On his first swing, Indiana University athletic director Scott Dolson swung as hard as he could and missed an unhittable Brad Stevens breaking ball. Then, he choked up an inch, got the Mike Woodson batting practice cheese he was looking for, and got a rally going as he strung together multiple hits.
That’s the way life works in big time, big money college athletics. And just like baseball, a run is a run – whether the product of a 460-foot bomb onto State Road 46 or a double down the left field line followed by a couple of ropes up the middle.
The home run swing was reportedly a seven-year, $70 million offer Stevens declined to remain the coach of the Boston Celtics, a team with a flawed roster and scant chance to advance to the NBA Finals before GM Danny Ainge‘s patience finally runs thin. The double down the line was a six-year, $18 million deal with IU alum and former NBA coach Mike Woodson. The base hits were additional hires of three-time Big 10 coach of the year Thad Matta and IU alum and longtime Michigan State assistant Dane Fife.
Dolson swinging for the fences was laudable whether he connected or not. IU fans were tired of coaches hired for economic reasons, and a run at Stevens was overdue. That the strong back-up plan that was executed after Stevens said no shows the kind of direction athletic departments need. Plan B might be a better play than Plan A!
Stevens was always a long shot. Indiana is home for Brad. When he was a kid, visits to Assembly Hall with his dad for IU basketball games were common. Maybe those memories and a desire to be closer to home might compel him to yank his temporary root system out of Boston – America’s most provincial city – for the more friendly confines of his native Indiana. Maybe not. Worth some conversation at least.
The $10 million per year would have made Stevens the highest paid coach in college basketball, and Stevens has been the coach of the Celtics for almost eight seasons – a long time for a guy to never have led his team to the NBA Finals. I don’t know what the record for NBA coaching longevity without a trip to the Finals, but I’m sure Stevens is closing in on it.
If ever there was a time to give Stevens an excuse to come home, this was it.
When it didn’t get done, Dolson turned his attention to a pitch he could hit. Woodson was back in the NBA as an assistant for the Knicks, but was more than willing to accept 30% of the money offered to Stevens to professionally return to a college campus for the first time since 1980. Because of the massive savings, Woodson and IU were able to offer Matta and Fife the kind of cash that motivated them to invest their talents in restoring greatness (or at least competence) to Indiana Basketball.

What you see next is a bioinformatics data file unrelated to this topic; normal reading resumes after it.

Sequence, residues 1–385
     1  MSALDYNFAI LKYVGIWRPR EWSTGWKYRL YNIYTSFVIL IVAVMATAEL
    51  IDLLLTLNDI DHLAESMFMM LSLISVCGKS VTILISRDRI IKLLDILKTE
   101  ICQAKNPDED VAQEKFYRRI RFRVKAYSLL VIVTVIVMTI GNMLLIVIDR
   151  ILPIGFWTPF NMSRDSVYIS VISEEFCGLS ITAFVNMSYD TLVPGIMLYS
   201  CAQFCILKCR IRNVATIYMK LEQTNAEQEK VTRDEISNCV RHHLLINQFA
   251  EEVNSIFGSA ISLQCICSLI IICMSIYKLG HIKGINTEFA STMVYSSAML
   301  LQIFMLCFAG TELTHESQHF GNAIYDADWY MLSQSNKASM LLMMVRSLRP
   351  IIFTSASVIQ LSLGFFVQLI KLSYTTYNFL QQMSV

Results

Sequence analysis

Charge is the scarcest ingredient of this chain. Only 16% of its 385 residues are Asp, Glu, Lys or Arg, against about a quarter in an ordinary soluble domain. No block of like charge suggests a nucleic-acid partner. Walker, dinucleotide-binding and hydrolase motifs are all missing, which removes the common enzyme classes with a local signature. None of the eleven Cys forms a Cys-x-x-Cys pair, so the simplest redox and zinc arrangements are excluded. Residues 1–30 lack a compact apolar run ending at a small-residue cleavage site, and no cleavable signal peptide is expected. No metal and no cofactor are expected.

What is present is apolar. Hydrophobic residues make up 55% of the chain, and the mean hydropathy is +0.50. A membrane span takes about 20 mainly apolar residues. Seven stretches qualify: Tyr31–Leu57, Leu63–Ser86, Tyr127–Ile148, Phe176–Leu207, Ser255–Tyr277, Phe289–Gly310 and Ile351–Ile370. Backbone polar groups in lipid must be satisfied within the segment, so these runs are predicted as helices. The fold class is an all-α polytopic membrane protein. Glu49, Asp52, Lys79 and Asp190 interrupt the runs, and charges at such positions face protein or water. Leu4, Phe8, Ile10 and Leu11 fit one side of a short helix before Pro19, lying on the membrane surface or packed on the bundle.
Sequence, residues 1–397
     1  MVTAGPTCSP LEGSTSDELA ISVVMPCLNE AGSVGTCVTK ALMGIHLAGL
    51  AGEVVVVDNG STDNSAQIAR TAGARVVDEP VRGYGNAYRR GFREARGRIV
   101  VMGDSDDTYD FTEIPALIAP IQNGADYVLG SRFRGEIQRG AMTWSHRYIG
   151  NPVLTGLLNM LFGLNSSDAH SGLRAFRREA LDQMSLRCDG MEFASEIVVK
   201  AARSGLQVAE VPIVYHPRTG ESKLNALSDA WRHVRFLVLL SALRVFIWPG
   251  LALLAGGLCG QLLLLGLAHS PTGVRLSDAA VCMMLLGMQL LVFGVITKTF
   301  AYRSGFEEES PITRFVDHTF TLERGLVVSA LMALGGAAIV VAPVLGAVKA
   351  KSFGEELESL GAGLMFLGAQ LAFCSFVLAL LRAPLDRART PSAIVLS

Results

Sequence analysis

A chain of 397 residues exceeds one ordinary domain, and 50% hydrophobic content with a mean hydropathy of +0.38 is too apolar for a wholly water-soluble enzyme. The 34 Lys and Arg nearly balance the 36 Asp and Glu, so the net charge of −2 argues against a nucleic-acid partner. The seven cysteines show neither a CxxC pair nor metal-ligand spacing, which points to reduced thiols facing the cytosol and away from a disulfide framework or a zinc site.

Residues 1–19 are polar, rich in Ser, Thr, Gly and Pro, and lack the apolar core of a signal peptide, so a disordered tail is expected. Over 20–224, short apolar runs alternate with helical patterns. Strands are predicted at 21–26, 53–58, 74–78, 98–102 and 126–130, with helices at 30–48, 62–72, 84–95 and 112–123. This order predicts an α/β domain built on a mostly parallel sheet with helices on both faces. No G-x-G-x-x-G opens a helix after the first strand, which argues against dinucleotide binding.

While Stevens to Indiana would have been a great story, it would also have marked yet another beginning point for the re-plating of the basketball culture. Stevens may have been an Indiana fan, but never a part of a successful IU team. He would have brought “Brad Stevens basketball” to Bloomington, and while that would have been a solid improvement over Tom Crean or Archie Miller basketball, it would not have been Indiana Basketball.
With Woodson and Fife, there are two alums who were a part of Indiana’s successful past who also appear able and ready to forge toward a successful future. With Matta, Indiana hired a guy who was a consistent pain in its rear for the 13 years he spent running Ohio State’s program.
So far, so good for Indiana. Woodson has kept the majority of his roster intact, while losing Joey Brunk (Ohio State), Armaan Franklin (Virginia), and Al Durham (Providence). While saying goodbye a junior-to-be like Franklin is unfortunate, keeping Trayce Jackson-Davis, Khristian Lander, Parker Stewart, and Race Thompson sets up IU for a mostly seamless transition.
Anytime a critical hire is required two paths are needed – the dream candidate and the Plan B scenario. Dolson executed Plan B well enough that fans may be grateful one day that Dolson whiffed on the dream.
A double and a couple of base hits might end up being a lot more fun to cheer for than the home run Dolson tried valiantly to barrel up.